Firstly check what you already have
Check your fridge and see what needs eating up
Begin with what you have

The first thing that I do is to open the fridge and take out the salad drawer. For me, this is where I store most of our vegetables. Make a list of what’s in there, particularly anything that’s been rattling around for a while and is on the verge of going off. Hopefully that won’t be the case very often in the future as planning your meals helps to reduce food waste. As well as veg what else do you have in the fridge that needs using up e.g. cheese, jars of sauce, half-empty tins, bowls of left overs.

After this, check your cupboards. I keep vegetables like potatoes and onions in there. You’ll obviously have non-perishables, such as tins of tomatoes, lentils and pasta. They don’t need eating up immediately, but I always think it’s a good idea to use up ends of packets or alternatively look at what’s been around for a while. It might also give you ideas for meals that you’ve not eaten in ages.

Finally, look at what’s in the freezer. I tend to put single portions of leftovers in the freezer. Although they’ll keep for a while, they won’t keep forever and so I try to eat them at least by a month after I’ve put them in there. Don’t know what’s in your freezer? Use a fridge magnet to put a list on the door or alternatively stick one on your kitchen noticeboard.

Think about what’s available at this time of year
What’s free or cheap

If like the Simple household you grow some of your own veg you need to add to your list what’s available to harvest. At the moment it’s peppers and tomatoes. Some things may keep in the ground for a while, whereas others, such as tomatoes and runner beans will need picking before they get too big or rot.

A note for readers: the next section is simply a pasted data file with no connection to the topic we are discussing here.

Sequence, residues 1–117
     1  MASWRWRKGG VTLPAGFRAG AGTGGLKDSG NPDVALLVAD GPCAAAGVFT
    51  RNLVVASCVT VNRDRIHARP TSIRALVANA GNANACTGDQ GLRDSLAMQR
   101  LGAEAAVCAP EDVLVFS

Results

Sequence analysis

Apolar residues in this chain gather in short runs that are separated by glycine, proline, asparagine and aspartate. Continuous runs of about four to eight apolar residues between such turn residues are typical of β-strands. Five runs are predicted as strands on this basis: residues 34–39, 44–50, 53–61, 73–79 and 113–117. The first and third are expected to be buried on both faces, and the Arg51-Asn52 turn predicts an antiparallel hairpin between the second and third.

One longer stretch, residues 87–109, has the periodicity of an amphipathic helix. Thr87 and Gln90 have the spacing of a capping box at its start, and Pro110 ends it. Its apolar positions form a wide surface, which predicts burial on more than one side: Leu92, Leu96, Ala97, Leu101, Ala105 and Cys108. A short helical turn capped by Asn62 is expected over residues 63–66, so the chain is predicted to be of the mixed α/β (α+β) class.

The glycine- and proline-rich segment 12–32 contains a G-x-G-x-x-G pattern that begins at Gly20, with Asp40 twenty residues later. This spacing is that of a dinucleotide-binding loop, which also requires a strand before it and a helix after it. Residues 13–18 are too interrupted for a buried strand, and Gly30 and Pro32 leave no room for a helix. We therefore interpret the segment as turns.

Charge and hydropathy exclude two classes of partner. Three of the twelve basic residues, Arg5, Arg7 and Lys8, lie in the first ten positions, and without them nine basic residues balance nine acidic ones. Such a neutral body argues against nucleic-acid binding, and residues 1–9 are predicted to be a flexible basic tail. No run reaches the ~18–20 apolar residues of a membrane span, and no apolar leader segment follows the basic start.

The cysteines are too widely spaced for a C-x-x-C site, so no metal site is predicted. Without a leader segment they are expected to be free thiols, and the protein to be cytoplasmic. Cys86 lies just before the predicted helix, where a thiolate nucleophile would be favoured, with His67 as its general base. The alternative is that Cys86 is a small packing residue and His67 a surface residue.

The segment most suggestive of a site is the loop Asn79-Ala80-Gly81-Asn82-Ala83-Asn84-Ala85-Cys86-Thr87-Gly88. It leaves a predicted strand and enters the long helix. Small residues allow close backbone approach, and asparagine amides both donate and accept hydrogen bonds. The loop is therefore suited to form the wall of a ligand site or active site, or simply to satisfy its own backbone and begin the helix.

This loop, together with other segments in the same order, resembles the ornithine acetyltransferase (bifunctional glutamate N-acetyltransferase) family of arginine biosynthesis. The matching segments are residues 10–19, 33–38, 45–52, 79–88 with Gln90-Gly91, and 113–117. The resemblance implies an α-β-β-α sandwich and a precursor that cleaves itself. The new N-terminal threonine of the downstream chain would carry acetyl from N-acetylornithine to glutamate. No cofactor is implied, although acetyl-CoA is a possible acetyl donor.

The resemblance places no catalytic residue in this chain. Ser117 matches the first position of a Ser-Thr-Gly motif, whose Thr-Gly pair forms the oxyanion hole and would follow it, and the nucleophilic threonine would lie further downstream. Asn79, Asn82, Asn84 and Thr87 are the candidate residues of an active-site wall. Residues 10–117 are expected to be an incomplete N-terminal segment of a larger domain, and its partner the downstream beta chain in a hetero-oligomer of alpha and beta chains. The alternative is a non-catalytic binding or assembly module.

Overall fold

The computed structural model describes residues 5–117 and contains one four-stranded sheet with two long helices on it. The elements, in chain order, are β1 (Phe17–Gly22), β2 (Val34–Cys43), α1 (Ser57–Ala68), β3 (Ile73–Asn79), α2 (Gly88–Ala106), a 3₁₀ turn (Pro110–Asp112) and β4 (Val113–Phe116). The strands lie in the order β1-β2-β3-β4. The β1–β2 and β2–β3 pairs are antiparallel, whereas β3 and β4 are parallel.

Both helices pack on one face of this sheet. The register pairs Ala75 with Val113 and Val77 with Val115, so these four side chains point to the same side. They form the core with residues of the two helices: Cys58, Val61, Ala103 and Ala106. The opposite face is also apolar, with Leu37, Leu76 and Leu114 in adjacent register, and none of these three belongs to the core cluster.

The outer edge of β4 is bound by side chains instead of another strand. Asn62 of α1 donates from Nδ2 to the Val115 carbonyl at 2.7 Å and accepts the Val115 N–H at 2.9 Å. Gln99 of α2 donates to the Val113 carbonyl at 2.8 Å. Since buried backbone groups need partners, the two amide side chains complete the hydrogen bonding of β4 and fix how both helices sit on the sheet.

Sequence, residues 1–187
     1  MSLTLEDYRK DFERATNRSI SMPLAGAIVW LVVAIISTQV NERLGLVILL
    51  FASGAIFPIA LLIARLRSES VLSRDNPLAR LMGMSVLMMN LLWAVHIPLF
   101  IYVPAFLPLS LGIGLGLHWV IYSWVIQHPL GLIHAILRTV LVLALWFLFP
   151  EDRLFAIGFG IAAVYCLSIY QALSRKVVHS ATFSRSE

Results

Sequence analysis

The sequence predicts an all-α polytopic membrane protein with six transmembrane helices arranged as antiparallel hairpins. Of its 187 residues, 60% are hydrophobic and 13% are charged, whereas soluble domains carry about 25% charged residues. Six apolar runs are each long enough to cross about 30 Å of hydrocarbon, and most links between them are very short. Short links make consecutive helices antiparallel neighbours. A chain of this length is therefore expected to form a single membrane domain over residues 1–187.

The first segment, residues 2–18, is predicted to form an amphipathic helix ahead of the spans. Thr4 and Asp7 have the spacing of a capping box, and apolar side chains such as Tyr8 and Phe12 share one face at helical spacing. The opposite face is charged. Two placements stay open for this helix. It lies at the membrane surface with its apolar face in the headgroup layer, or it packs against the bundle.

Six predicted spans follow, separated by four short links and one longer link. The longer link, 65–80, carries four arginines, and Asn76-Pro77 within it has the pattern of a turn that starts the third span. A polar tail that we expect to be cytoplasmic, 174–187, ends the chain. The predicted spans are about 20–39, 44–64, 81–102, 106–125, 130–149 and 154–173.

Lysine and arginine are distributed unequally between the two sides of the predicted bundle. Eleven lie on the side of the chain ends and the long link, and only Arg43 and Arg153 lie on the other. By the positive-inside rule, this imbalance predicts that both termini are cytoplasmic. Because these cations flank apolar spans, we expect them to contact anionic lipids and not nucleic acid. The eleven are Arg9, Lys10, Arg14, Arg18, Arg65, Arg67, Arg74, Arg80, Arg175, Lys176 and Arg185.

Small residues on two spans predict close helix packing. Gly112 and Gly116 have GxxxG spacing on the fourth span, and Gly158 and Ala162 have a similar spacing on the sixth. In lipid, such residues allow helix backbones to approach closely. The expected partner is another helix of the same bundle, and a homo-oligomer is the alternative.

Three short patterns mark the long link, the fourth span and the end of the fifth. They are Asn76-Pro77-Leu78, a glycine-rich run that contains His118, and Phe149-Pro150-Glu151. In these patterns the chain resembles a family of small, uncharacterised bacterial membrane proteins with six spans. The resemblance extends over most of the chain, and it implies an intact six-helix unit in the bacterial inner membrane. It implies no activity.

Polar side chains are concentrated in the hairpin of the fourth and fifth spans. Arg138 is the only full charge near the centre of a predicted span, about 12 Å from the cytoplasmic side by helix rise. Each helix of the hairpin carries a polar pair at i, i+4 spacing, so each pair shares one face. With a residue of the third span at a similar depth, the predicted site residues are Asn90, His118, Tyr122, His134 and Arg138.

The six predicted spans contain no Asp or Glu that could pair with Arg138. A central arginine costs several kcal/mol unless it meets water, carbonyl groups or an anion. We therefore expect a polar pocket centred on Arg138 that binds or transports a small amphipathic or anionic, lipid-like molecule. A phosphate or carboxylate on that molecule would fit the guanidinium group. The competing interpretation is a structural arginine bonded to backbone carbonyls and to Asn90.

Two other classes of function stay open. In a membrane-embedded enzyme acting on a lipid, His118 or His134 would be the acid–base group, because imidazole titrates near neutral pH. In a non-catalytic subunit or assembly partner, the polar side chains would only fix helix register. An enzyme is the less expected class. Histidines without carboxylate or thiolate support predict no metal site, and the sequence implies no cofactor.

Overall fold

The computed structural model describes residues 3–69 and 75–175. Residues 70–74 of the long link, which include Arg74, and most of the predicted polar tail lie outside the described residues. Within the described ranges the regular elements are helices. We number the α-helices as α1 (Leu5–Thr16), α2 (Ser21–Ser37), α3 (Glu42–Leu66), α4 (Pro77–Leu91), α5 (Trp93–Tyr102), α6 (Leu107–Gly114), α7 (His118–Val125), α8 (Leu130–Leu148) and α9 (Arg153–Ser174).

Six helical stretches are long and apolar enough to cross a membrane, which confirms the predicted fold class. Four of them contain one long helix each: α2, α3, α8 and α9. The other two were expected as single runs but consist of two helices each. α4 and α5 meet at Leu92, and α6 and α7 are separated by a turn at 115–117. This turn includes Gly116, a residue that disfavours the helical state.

Even if you don’t grow your own it’s advisable to have a think about what’s in season. I feel that we’ve lost touch with this as many veg are available all year round. You’re more likely though to get a bargain on something that’s in season in the UK. I know that some people advocate looking at your supermarket flyer as it will tell you what’s on offer. To some degree I can see the sense in that, but usually many products on offer are highly processed ones that aren’t good for you and are more expensive than buying fresh ingredients.

There are lots of recipes freely available on the internet
Find recipes

Once you’ve got a list to draw upon you need to get some recipe ideas. I think that we can get into a rut with our meals and end up cooking the same things week in week out. Whilst we all have our favourites I believe that it’s good to have some variety. You may just discover a new favourite! We’ve got a selection of recipe books that I sit down with regularly. There’s always the internet as well, where you can find thousands of ideas. In more normal times I would regularly get recipe books out of the library. If there were enough recipes that we liked I might consider buying the book, otherwise I’d just photograph the best ones and then take it back to the library.